I always find it interesting when a drug meant for one thing - say cancer - ends up helping a whole other disease - say, a rare neurological disorder.  This is precisely what happened to Edith Garrett, featured in this Boston Globe article.  19-year-old Garrett suffers from a disorder called neurofibromatosis, a rare genetic condition that causes benign tumors to grow in the brain.  The tumors cause everything from facial paralysis to lost hearing - both of which Garrett suffers from.  Recently Garrett started on Avastin, a class of cancer drug called an angiogenesis inhibitor - meaning it blocks blood vessel growth to the tumor, effectively starving it.  The drug is showing a lot of success in the patients using it - six of seven people taking it have regained their hearing - Garrett is one of them.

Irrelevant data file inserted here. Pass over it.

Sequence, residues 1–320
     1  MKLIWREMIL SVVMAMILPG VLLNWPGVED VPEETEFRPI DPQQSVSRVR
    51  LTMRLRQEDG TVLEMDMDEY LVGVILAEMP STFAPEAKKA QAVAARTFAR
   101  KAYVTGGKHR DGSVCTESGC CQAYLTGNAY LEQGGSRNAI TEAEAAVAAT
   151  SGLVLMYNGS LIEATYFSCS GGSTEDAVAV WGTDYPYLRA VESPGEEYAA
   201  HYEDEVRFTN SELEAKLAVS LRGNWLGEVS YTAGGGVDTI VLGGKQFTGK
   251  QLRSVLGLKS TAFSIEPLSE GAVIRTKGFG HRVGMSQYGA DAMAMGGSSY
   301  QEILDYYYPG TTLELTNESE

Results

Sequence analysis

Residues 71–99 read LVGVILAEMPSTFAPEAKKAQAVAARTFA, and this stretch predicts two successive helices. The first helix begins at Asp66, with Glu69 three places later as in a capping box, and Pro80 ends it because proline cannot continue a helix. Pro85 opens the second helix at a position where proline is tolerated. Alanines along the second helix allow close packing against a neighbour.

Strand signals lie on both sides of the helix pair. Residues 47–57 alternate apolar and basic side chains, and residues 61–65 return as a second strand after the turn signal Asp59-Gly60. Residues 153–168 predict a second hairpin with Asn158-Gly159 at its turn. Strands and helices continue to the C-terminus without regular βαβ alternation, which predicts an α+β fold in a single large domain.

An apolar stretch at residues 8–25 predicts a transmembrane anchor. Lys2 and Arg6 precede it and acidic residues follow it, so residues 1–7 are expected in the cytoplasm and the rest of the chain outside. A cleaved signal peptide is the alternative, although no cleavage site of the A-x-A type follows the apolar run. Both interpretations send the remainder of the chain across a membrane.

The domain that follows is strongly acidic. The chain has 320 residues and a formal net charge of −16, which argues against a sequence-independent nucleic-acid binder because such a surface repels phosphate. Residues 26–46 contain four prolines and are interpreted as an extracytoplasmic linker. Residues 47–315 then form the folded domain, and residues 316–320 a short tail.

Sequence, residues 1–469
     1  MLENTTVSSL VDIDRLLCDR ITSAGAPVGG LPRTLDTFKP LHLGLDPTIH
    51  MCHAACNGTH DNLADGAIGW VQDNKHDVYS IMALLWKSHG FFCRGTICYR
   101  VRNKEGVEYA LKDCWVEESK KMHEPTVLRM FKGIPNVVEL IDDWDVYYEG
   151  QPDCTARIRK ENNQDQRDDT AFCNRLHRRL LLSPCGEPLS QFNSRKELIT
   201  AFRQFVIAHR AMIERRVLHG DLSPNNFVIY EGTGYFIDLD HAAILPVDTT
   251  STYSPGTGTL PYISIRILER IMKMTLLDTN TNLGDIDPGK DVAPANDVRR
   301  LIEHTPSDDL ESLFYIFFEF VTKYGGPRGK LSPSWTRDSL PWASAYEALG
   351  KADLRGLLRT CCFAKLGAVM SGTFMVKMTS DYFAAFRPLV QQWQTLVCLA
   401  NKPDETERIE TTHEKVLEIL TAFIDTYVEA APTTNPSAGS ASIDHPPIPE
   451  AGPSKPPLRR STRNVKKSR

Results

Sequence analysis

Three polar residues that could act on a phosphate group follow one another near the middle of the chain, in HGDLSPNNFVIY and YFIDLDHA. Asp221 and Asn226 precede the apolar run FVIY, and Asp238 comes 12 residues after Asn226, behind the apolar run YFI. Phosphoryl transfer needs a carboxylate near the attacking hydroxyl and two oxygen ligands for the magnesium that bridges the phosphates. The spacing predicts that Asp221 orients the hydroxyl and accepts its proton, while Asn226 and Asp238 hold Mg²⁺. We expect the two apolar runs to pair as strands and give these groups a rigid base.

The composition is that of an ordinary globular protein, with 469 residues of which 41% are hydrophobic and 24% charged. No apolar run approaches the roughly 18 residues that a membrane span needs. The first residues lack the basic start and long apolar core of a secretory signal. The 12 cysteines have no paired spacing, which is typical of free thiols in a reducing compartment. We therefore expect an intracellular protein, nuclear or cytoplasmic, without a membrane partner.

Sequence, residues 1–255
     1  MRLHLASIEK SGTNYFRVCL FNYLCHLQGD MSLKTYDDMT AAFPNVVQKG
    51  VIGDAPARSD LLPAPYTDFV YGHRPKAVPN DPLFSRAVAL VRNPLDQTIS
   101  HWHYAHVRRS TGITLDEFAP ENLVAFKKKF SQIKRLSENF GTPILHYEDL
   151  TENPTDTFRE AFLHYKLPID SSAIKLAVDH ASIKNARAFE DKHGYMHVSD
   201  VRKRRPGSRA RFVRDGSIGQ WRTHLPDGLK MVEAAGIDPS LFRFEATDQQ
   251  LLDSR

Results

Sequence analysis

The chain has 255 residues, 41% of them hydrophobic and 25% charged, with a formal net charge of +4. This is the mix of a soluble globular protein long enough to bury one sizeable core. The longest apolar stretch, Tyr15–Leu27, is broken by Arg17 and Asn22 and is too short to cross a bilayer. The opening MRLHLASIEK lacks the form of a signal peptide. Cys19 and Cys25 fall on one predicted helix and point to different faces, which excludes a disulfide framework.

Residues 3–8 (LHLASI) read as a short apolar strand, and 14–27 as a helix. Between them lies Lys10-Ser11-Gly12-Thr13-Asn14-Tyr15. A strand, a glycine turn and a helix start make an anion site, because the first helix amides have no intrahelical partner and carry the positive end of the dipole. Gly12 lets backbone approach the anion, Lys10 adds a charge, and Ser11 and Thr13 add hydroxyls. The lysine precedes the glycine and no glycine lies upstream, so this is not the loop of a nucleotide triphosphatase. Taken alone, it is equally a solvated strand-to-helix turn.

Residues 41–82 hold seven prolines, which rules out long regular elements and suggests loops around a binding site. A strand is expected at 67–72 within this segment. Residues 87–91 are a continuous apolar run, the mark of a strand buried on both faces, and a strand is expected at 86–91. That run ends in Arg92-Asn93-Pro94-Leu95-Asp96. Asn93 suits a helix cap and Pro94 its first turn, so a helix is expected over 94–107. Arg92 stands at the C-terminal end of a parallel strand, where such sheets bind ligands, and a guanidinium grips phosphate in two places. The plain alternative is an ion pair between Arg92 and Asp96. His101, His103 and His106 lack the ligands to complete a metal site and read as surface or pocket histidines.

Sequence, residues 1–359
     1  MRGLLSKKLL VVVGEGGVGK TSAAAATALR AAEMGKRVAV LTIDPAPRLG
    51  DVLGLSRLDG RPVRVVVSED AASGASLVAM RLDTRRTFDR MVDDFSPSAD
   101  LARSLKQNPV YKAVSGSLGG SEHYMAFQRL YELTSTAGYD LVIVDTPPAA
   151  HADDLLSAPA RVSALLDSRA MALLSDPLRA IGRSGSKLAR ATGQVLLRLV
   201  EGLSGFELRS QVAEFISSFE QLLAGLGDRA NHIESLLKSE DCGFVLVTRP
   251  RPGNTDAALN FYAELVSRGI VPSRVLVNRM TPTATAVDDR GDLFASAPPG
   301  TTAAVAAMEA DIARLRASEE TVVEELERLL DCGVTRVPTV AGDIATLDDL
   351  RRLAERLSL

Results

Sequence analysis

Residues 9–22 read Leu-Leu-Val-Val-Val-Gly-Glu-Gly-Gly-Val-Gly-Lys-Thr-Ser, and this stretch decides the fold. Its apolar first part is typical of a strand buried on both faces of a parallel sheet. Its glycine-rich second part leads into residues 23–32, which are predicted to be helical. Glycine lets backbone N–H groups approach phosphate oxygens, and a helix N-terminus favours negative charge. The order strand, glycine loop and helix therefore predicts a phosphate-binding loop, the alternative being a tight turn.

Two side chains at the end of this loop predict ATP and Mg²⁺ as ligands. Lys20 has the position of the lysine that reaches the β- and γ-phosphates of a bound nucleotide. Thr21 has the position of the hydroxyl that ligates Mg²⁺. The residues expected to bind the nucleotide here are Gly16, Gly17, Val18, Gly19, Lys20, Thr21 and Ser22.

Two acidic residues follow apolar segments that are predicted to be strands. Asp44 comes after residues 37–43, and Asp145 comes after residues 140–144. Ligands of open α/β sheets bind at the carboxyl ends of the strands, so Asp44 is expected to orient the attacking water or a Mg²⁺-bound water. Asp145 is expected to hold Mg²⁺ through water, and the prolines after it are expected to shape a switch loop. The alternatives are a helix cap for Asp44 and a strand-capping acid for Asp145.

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Credit: WGBH Educational Foundation

Angiogenesis in cancer was first discovered by famed cancer researcher Judah Folkman - who recently passed away.  NOVA scienceNOW paid tribute to the great  man and describes where his work on angiogenesis has taken us.  Check out the segment here.   And for the complete story of Folkman's rise to fame, check out our hour-long special, Cancer Warrior.

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